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Learning Disabilities - Genetics of Dyslexia

Dyslexia is heterogeneous and genetically complex. However, recent studies have identified potential candidate genes for dyslexia and other language-related traits. Genetics plays a major role in 40-80% of dyslexia, with a maximum role in spelling (70%) and word reading (58%). A child with an affected parent has 40-60% chance of developing dyslexia, the risk further increases if there are other affected members in the family (Stephenson, 1907; Olson et al, 1994; Ziegler et al, 2005).

Twin Studies

Twin studies indicate the role of genetic factors in the familial clustering of dyslexia (Plomin & Kovas, 2005). The first genetic evidence for the high familiarity of developmental dyslexia came in the 1980s from two key twin studies, the Colorado Twin Reading Study and the London Twin Study. In the Colorado Twin Reading Study, the genetic component of phonological processing (75%) was found to be higher when compared to that of orthographic processing (31%) (DeFries et al, 1987). In the London Twin Study, a strong association (75%) was observed for the heritability of spelling and a moderate association (44%) for reading ability (Stevenson et al, 1987). A high heritability for dyslexia was found for boys in a UK-based study (Harlaar N et al, 2005).

According to a review on twin studies of language disability there is a 75% concordance for monozygotic (MZ) twins and 43% for dizygotic (DZ) twins (Stromswold, 2001). The concordance rate for reading disability in MZ and DZ twins was found to be about 70% and 50%, respectively (Oliver et al, 2004).

Linkage studies in dyslexia

Linkage studies have identified dyslexia susceptible genes on specific chromosomal loci. HUGO Gene Nomenclature Committee has recorded nine dyslexia susceptibility loci, DYX1 to DYX9. These include,

  • DYX1 on chromosome 15q21 (MIM 127700): In 1983, Smith et al (1983) first noticed the DYX1 locus on chromosome 15q21 based on linkage to chromosome heteromorphisms (LOD score = 3.2) (Smith et al, 1983). This locus was found to be associated with word reading and related phenotypic features (Smith et al, 1983; Grigorenko & Chang, 1997; Schulte-Korne G, 1998 Chapman NH, 2004).
  • DYX2 on chromosome 6p21 (MIM 600202): Cardon et al (1994) and Smith et al (1991) first reported significant linkage of DYX2 locus (6p21.33) for dyslexia in sibling pairs and dizygotic twins (Cardon et al, 1994; Cardon et al, 1995; Smith et al, 1991). It has been reported to be associated with phonological processing (Fisher et al, 2002; Kaplan et al, 2002) and orthographic processing (Kaplan et al , 2002; Grigorenko et al, 2003). Linkage disequilibrium mapping of the DYX2 locus resulted in the detection of two strong candidate genes, KIAA0319 and doublecortin domain containing protein 2 (DCDC2), for dyslexia (Cope et al, 2005; Deffenbacher et al, 2004; Schumacher et al, 2006). Recent studies have shown that certain variations in READ1 (Regulator element associated with dyslexia 1), a regulatory element within DCDC2, is associated with dyslexia. Certain variants of READ1 are related to reading problems. Individuals with such variants are, therefore, more likely to develop dyslexia and language impairment (Powers et al, 2013).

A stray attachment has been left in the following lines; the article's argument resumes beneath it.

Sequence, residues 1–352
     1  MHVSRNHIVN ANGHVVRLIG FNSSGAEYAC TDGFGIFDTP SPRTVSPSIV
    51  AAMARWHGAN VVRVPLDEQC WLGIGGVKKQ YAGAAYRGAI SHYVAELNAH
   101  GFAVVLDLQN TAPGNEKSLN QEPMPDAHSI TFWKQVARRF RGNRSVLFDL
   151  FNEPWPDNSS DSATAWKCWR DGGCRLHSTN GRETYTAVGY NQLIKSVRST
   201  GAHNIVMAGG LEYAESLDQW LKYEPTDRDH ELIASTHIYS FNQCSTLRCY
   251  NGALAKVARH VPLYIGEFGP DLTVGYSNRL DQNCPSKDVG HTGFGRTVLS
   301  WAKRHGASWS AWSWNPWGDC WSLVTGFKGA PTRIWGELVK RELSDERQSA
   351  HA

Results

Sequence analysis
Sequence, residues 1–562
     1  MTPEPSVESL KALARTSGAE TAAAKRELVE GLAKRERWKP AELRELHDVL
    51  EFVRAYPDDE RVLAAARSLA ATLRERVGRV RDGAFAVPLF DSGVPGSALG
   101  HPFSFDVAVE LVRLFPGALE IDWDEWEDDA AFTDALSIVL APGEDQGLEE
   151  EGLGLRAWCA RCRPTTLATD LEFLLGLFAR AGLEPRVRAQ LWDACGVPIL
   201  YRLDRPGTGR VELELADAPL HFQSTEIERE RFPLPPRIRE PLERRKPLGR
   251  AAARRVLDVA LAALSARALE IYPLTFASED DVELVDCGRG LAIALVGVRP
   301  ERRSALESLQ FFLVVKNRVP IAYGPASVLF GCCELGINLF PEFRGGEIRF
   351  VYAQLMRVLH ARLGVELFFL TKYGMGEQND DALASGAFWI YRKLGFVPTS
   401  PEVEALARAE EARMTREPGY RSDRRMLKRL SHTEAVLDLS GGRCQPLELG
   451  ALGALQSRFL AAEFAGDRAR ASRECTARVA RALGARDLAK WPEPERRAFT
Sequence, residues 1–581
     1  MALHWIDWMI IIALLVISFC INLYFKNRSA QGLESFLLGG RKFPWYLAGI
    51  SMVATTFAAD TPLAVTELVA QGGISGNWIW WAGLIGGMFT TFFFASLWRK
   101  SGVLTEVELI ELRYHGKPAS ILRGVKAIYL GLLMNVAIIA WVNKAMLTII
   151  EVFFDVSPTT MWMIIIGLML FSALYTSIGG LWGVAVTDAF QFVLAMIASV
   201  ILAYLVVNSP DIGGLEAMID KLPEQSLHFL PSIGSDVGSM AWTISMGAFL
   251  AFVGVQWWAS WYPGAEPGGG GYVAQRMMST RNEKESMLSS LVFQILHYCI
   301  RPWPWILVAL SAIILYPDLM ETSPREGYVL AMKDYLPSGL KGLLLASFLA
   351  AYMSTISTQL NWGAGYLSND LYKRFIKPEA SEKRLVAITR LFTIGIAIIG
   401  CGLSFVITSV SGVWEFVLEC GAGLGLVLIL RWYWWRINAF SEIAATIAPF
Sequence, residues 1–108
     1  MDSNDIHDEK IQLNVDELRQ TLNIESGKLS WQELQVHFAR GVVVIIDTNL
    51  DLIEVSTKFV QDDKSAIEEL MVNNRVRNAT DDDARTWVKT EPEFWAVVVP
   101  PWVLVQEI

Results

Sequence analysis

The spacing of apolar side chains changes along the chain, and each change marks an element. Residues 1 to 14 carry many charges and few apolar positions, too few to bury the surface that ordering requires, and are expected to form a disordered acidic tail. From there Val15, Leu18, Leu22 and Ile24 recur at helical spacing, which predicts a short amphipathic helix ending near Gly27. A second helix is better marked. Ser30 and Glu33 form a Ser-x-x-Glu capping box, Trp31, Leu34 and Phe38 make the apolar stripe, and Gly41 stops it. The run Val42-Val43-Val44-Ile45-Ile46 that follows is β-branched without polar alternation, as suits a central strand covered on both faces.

• DYX3 on chromosome 2p16–p15 (MIM 604254): Linkage analyses in five families have shown the linkage of DYX3 locus (2p15–p16) with dyslexia (Fisher & DeFries, 2002; Kaminen et al, 2003). Unlike DYX2, this locus is not linked to any specific phenotype dimension.
  • DYX4 on chromosome 6q13–q16 (MIM 127700): A susceptible locus DYX4, affecting phonological coding and spelling, has been identified in a large Canadian family on the long arm of chromosome 6q11–q12 (Petryshen et al, 2001).
  • DYX5 on chromosome 3p12–q12 (MIM 606896): In a study of 77 US-American families with speech–sound disorder, which involves impairments in phonological processing, DYX5 was reported to be strongly linked (Stein et al, 2004). In another linkage study carried out in a large Finnish family, chromosome 3p12–q13 was found to be responsible for developmental dyslexia (Nopola-Hemmi et al, 2001). A dominant gene, ROBO1 (roundabout Drosophila homolog of 1), was detected as a likely candidate gene in this region.
  • DYX6 on chromosome 18p11 (MIM 606616): Genome-wide scan on family samples from Oxford and Colorado showed DYX6 on chromosome 18p11 as a quantitative trait locus affecting dyslexia (Fisher et al, 2002). It was associated with multiple aspects of reading ability (Marlow et al, 2003).
  • DYX7 on chromosome 11p15 (MIM 127700): A susceptibility locus, DYX7, containing gene for dopamine D4 receptor (DRD4) on chromosome 11p15.5 was found to be associated with developmental dyslexia (Hsiung et al, 2004).
  • DYX8 on chromosome 1p34–p36 (MIM 608995): Three studies have stated the linkage of DYX8 (1p34–p36) to developmental dyslexia (Rabin et al, 1993; Grigorenko et al, 2001; Tzenova et al, 2004). This region was found to be linked to the phonological aspect of dyslexia (Grigorenko et al, 2001; Tzenova et al, 2004).
  • DYX9 on chromosome Xp27 (MIM 300509): In a genome scan of a Dutch multiplex family with dyslexia, evidence for linkage to dyslexia was observed at Xq27 which harbors DYX9 (de Kovel et al, 2004).

Other linkage regions in dyslexia

Besides HGNC-listed DYX1–DYX9 regions, linkage for word reading on chromosome 13q12 (Igo et al,2006), and for phonological decoding efficiency on chromosome 2q22 have been reported (Raskind et al, 2005). Bivariate linkage scan on families with reading ability and attention deficit/hyperactivity disorder (ADHD) has shown pleiotropic loci on chromosome regions 14q32, 13q32 and 20q11 (Gayan et al, 2005). In addition, evidence of linkage for reading ability in affected sibling pairs with ADHD has been found on chromosome 10q11, 16p12 and 17q22(Loo et al,2004).

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